Good post. Question for people who’ve used them: what makes transducers so great? For me, they’re a bit like monads in that it’s not hard to understand “what they are”, but I still haven’t used them enough to get a sense of what makes them so powerful.
I agree that threading macros often make many transformations easier to read. Although purely functional and lazy code might be argued to be orderless what we call f . g is usually conceptually “g and then f”. Although this “backward” notion is easy once you’re fluent, I think that it is another stumbling block when we’re trying to sell people on the way we do things.
f . g
what makes transducers so great?
They make it easier to reason about the transformation of the data as a process, irrespective of the specific data structure. So in that sense I guess they are kinda like monads because they abstract away from the data specifics. Transducers are also very efficient, in most cases they approach the kind of performance that you would get with hand-optimized code.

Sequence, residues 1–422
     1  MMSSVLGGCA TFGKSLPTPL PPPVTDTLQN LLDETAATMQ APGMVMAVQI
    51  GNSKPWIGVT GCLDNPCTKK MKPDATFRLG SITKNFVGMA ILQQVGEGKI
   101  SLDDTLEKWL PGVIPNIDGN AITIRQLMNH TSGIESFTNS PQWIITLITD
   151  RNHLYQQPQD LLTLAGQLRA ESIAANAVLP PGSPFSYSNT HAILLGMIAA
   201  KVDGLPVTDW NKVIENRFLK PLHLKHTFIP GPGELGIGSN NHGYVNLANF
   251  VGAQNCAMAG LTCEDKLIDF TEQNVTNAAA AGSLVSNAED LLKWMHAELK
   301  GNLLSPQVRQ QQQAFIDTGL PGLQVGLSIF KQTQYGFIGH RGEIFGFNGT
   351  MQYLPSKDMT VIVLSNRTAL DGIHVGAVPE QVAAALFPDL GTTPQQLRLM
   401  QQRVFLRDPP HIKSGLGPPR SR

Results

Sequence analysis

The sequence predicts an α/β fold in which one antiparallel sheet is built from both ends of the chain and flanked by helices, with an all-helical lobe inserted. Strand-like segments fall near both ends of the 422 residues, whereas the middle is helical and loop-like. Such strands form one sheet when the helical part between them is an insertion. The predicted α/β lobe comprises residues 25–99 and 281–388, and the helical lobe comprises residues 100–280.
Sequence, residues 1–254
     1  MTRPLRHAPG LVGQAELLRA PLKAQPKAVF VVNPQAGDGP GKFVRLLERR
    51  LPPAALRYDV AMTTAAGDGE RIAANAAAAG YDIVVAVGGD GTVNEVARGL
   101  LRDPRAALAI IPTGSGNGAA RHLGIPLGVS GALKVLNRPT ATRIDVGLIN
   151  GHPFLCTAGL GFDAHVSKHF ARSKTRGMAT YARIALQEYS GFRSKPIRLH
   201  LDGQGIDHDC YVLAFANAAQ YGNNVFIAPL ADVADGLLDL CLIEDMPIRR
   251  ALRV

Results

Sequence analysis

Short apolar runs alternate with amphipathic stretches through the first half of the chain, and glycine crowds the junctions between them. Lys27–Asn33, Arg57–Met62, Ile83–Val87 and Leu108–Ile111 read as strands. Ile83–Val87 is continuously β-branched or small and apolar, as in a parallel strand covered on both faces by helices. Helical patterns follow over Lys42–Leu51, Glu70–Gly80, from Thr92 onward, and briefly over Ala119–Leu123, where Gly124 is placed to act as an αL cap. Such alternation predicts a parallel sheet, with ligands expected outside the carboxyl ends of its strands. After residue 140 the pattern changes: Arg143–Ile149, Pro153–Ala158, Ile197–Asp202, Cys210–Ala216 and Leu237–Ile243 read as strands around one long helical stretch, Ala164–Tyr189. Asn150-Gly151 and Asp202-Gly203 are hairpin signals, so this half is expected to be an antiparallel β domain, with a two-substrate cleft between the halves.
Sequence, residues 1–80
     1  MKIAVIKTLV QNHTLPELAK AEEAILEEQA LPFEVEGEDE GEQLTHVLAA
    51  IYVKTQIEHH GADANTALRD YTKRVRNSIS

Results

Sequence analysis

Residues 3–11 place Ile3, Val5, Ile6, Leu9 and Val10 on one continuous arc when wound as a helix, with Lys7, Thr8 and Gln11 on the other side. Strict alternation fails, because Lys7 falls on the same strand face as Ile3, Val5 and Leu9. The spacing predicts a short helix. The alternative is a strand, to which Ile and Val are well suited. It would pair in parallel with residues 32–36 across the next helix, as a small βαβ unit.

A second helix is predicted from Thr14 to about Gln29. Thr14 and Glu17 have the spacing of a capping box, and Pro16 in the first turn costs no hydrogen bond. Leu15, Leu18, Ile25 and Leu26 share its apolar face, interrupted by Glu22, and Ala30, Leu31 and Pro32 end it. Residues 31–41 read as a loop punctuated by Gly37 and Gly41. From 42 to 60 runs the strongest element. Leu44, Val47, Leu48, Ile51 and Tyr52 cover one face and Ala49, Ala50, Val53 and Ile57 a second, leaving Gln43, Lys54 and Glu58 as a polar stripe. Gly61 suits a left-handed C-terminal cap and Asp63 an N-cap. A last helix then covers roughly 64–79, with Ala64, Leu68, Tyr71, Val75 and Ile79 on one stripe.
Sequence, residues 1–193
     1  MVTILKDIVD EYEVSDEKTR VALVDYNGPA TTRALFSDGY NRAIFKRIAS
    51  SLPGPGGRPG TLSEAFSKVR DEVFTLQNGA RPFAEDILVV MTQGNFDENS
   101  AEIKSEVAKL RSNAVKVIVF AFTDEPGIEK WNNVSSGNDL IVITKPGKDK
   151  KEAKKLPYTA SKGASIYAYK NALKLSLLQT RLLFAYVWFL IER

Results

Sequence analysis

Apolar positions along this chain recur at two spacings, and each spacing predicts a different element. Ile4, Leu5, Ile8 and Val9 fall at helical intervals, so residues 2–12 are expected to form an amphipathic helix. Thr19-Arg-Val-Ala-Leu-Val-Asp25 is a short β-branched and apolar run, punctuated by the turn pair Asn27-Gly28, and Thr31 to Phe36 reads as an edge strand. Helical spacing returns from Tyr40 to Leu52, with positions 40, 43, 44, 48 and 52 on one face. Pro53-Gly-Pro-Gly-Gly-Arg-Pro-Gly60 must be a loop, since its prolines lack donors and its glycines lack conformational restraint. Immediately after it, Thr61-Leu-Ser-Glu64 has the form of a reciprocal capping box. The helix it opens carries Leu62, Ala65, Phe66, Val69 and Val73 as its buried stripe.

If you’re a Haskeller, this article explains transducers using Haskell code and types. Even though I’m better at Clojure (my day-job language) than Haskell, I found this explanation more helpful than reading Clojure code, for example cgrand’s xforms can get really complicated.
That example for the threading macro could go either way, I certainly wouldn’t consider it crappy.
Definitely possible to go overboard with threading. I often find it neatest to thread certain subexpressions in an expression that could otherwise be fully threaded because it makes the ‘core’ semantics of the operation clearer.